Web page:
Disability Blog

How can Social Security dispute my doctor’s opinion that I am “disabled?”

Posted June 11, 2015 by Dan Rosen

Recently, we received a call from a prospective client, Lisa, who was understandably shocked and upset that she had been denied Social Security Disability benefits. After all, she had worked for 15 years as a housekeeper at a hotel. But the combination of a work injury and uncontrolled diabetes forced her to stop working at the advice of her family doctor, despite her being the sole breadwinner for her children. How could Social Security deny Lisa’s claim when her own doctor told her she was no longer able to work? The reasons can be confusing, but they are based on Social Security’s complicated rules and regulations.

The word “disabled” can mean different things to different people and even to different parts of the government. Webster’s dictionary defines “disabled” as “incapacitated by illness or injury; also: physically or mentally impaired in a way that substantially limits activity especially in relation to employment or education.” To Lisa’s doctor, it meant that she could not perform her housekeeping job any longer, as it was too strenuous. However, to Social Security, “disabled” means that you cannot sustain any job in the national economy given your age, education, and work experience. For that reason, Social Security’s rules state that “disability” is a matter for it to decide – not for your doctor. It doesn’t matter that the CTA gave Lisa a reduced fare card, or that the City of Chicago gave her a parking placard, or even that the State of Illinois granted her public aid benefits based on disability. Social Security has its own rules and its own procedures. Social Security even has its own doctors who will review your case and come to their own conclusions.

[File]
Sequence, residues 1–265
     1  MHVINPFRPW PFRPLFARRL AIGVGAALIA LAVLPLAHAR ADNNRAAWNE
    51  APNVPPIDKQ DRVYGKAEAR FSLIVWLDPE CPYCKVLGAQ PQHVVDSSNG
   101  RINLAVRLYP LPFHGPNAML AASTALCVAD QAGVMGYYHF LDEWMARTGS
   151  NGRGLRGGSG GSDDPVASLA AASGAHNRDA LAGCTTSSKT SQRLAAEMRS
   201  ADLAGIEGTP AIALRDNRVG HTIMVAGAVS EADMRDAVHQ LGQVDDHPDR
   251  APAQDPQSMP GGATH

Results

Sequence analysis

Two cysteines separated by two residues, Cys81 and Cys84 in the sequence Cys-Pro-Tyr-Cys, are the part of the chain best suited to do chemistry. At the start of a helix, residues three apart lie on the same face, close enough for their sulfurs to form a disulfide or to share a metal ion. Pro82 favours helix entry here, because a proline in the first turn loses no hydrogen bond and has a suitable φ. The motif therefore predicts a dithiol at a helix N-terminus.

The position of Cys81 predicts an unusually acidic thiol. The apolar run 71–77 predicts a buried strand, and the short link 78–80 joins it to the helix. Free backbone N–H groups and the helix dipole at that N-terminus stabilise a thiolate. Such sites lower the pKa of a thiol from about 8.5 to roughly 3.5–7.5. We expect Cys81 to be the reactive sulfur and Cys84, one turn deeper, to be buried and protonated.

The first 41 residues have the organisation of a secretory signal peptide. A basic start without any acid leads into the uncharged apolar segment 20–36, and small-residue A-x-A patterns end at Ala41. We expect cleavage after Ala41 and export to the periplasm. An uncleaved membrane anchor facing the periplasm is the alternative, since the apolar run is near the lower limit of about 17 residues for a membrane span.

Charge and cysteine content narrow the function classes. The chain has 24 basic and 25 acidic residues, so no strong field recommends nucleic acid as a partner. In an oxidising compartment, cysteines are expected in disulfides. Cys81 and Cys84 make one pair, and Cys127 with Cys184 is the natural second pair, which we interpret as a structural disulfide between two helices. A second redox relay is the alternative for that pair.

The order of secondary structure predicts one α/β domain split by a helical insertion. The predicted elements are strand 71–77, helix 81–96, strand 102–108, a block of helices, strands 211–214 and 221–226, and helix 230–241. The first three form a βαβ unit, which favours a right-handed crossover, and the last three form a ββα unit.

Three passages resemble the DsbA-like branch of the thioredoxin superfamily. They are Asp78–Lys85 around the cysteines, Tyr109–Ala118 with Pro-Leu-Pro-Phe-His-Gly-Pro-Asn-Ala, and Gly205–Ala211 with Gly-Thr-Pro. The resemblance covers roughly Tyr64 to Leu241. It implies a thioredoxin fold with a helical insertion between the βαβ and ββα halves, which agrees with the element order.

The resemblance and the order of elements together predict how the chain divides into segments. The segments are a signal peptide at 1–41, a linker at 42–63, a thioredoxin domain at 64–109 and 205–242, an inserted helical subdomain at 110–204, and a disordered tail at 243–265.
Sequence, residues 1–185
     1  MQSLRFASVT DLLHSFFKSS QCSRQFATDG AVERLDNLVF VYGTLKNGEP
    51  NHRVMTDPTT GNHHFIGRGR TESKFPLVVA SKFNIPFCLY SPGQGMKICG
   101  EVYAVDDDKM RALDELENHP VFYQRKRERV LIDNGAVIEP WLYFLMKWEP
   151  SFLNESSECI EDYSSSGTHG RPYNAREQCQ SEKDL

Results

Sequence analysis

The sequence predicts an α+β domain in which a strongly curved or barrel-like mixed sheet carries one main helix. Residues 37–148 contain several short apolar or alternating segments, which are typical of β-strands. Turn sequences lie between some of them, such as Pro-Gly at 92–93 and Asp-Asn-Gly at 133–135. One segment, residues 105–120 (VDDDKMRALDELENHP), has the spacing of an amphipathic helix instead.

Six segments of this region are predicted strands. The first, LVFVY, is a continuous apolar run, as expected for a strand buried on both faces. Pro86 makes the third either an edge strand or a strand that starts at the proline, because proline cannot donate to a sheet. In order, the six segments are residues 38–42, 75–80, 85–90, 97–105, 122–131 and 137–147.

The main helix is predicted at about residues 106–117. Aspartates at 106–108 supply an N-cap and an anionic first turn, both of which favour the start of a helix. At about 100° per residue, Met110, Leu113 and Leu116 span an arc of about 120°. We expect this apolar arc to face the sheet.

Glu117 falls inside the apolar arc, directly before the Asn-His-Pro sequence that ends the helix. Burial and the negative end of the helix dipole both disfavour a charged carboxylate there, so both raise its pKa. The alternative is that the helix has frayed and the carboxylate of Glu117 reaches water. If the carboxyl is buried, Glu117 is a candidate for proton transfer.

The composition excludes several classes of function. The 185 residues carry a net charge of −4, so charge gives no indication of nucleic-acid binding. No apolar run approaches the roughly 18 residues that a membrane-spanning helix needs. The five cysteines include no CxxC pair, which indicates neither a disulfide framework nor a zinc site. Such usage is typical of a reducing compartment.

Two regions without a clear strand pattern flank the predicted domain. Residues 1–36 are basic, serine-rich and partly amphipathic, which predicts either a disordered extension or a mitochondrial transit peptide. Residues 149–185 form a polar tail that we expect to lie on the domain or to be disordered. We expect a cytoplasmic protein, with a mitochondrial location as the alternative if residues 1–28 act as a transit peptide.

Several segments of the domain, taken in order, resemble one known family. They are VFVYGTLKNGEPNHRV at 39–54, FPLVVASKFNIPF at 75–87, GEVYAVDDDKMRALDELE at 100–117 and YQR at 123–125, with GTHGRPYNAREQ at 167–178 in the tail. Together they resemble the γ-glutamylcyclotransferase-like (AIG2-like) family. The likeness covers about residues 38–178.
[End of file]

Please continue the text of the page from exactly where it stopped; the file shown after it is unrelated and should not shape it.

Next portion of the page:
An important disability secret is that in the end, labels such as “disabled” are not very important. It mattered little that Lisa’s doctor confirmed that she is “disabled,” because the government did not know what the doctor meant by “disabled.” For example, can Lisa sit for more than 30 minutes without pain? Is she able to sustain a normal workday without interruption from her symptoms? And more importantly, why or why not? What mattered is what her doctor believed she could still do, despite her medical problems.

Having a Chicago Social Security Disability Attorney can help get the right information from your doctor that will be useful in your particular case. We can ask your doctor the right questions so, if professionally comfortable, he or she can explain your limitations to Social Security so that the government has the best understanding of your situation.

Tags: Nash Disability Law Social Security Disability Blog Do you qualify for Social Security disability benefits

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